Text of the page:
In 1957 a weaver had to be invited and to demonstrate weaving ability before being voted on for membership.  The weaves work was judged by a committee.  Today we welcome all interested members.  We have men as well as women in the guild.  We have spinners and dyers and basket makers and needle workers in our guild.

The guild owns looms that are occasionally passed around for study groups, as well as donated looms on long term loan to members.

We have more presentations from outsiders at our meetings.  We try to take advantage of traveling experts when they come to our area.
We have very little postal correspondence.  Most of our communication is done by email.  Most of our new members find us through our web site.
We also rely on the internet for guild communication.  Our meeting minutes are emailed as well as posted on our web site.
We did start a library, and own hundreds of books and magazines.  The catalog for our library is on line for members.
Our outreach efforts have changed over the years.  In the past, members would take looms or spinning wheels and demonstrate in classrooms.  For a few years we had a curriculum for elementary teachers.  We would give the teachers an orientation, and help the students weave a small pouch on a cardboard loom.  Today the teachers are busy with government mandated programs and don’t have time for these extras.

The Glenna Harris Sheep to Shawl Team with their finished product

The Glenna Harris Sheep to Shawl Team with their finished product

Our outreach now is at public functions.  While the County Fair has changed a lot over the years, we still staff a booth.  We demonstrate on one day with a Sheep to Shawl contest, and have hands on crafts for the public on the other days.  We also demonstrate and bring hands on craft projects to Insect Days (emphasizing spinning silk), Pumpkins in the Park, Wildlife Days, the Prusch Farm Harvest Fair and local Living History events.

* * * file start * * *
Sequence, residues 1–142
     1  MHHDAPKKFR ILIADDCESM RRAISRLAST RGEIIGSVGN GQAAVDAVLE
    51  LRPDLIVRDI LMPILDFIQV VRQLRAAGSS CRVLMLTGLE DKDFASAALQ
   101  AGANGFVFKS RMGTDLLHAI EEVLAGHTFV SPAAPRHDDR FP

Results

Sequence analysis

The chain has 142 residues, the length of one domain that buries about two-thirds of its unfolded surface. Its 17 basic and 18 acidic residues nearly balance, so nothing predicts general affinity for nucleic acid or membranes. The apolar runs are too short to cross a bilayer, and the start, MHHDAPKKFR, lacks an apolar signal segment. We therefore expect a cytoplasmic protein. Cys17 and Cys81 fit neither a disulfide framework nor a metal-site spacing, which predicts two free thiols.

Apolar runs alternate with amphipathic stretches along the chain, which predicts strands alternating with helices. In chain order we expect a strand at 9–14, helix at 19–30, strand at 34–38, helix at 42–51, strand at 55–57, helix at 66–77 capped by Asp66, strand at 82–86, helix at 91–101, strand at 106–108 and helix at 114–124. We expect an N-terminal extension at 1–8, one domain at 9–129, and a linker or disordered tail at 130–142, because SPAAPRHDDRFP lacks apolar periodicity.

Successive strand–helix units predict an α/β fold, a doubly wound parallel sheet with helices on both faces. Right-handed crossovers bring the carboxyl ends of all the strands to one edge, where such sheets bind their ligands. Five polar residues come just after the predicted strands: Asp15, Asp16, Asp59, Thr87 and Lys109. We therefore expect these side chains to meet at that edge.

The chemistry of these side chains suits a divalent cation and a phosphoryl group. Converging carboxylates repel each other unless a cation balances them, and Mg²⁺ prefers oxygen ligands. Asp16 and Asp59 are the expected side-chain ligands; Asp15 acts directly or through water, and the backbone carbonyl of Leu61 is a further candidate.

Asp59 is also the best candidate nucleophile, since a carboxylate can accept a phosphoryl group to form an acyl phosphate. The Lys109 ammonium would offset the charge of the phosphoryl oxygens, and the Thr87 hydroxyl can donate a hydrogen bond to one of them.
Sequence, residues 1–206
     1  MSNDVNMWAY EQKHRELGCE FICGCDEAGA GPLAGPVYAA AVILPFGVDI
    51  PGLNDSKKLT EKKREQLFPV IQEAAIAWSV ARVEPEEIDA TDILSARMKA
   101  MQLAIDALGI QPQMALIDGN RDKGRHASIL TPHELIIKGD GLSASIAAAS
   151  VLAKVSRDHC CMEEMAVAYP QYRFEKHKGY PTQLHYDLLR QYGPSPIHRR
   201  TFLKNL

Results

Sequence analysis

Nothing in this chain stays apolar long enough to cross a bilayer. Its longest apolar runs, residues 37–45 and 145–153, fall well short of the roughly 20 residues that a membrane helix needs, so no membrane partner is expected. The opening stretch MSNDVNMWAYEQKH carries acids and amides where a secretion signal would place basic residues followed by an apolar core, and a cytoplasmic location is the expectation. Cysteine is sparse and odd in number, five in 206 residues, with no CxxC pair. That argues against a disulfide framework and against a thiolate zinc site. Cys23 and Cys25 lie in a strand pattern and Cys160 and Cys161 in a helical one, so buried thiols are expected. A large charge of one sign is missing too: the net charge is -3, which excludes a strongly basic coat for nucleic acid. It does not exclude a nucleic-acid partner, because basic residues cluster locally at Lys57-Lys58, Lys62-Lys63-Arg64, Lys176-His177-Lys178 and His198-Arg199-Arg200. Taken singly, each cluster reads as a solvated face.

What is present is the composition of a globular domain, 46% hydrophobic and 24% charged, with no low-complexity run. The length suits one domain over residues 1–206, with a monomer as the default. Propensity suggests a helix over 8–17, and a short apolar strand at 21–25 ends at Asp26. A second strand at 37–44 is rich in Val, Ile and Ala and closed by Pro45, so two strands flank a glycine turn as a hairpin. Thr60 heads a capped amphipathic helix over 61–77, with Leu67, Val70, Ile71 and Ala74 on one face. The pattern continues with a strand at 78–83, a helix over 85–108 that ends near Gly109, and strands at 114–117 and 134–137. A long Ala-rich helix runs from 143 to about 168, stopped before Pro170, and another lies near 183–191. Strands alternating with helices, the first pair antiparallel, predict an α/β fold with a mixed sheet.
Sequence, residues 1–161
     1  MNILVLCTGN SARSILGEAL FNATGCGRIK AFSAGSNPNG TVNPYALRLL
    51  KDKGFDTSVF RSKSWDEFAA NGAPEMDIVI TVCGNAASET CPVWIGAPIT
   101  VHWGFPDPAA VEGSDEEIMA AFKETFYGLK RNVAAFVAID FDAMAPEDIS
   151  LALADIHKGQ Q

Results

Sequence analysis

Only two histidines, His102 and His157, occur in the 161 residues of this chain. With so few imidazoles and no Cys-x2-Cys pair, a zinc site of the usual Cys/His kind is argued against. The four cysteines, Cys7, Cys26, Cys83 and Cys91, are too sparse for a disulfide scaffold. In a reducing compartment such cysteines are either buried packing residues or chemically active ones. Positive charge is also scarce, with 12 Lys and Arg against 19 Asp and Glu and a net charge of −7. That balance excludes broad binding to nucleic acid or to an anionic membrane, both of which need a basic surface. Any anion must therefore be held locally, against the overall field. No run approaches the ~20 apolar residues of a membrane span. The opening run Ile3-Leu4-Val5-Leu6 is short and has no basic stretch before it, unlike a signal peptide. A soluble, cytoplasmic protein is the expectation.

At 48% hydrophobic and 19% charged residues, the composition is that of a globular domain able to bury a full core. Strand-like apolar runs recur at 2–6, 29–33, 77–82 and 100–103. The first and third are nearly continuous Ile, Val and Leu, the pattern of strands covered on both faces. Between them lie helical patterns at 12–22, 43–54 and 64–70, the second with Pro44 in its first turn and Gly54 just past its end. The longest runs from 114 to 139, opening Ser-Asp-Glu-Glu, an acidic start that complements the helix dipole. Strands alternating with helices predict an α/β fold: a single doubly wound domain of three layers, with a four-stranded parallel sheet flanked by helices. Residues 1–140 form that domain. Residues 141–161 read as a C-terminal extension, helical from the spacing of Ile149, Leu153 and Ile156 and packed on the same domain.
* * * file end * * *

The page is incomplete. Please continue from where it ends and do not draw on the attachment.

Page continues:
Our membership dues are $25, of which $5 goes to CNCH.
What’s stayed the same:
We meet on the second Monday of the month.
It’s a friendly group, with members being generous with their knowledge.
We’re still always looking for ideas for projects and programs, urging members to make and do things for display at conference and the fair.
We struggle to keep the business meeting short to allow time for programs.
We love show and tell.  While we haven’t seen a tailored garment made from handwoven fabric in a while, we are still very concerned about what to do with our handwovens, including seam finishes, embellishments, linings, facings and interlinings.
Custom Handweavers is still in business, now in Mountain View and owned by our member Hannelore Cole.

Special thanks for input on this article go to Donna Alger, guild charter member and librarian, Barbara Kinchen, early member, and Marcia Kehr, not our historian but working on saving our history.

Next Article…